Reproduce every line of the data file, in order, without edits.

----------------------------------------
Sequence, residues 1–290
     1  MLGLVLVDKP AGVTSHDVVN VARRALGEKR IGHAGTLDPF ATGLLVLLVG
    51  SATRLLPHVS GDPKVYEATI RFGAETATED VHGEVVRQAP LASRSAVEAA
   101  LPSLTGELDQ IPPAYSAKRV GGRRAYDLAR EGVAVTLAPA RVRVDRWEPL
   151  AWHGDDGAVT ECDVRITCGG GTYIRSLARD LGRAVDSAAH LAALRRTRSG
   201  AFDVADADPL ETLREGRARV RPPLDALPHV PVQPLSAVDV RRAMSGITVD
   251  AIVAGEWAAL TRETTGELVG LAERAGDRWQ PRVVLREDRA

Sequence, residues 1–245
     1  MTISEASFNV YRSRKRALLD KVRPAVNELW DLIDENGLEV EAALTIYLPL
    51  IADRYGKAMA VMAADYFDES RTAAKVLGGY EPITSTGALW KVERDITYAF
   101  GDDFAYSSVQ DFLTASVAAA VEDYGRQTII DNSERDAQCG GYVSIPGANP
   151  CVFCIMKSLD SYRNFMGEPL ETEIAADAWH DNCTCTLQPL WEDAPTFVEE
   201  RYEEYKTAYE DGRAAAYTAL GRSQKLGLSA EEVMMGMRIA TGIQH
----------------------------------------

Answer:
Sequence, residues 1–290
     1  MLGLVLVDKP AGVTSHDVVN VARRALGEKR IGHAGTLDPF ATGLLVLLVG
    51  SATRLLPHVS GDPKVYEATI RFGAETATED VHGEVVRQAP LASRSAVEAA
   101  LPSLTGELDQ IPPAYSAKRV GGRRAYDLAR EGVAVTLAPA RVRVDRWEPL
   151  AWHGDDGAVT ECDVRITCGG GTYIRSLARD LGRAVDSAAH LAALRRTRSG
   201  AFDVADADPL ETLREGRARV RPPLDALPHV PVQPLSAVDV RRAMSGITVD
   251  AIVAGEWAAL TRETTGELVG LAERAGDRWQ PRVVLREDRA

Sequence, residues 1–245
     1  MTISEASFNV YRSRKRALLD KVRPAVNELW DLIDENGLEV EAALTIYLPL
    51  IADRYGKAMA VMAADYFDES RTAAKVLGGY EPITSTGALW KVERDITYAF
   101  GDDFAYSSVQ DFLTASVAAA VEDYGRQTII DNSERDAQCG GYVSIPGANP
   151  CVFCIMKSLD SYRNFMGEPL ETEIAADAWH DNCTCTLQPL WEDAPTFVEE
   201  RYEEYKTAYE DGRAAAYTAL GRSQKLGLSA EEVMMGMRIA TGIQH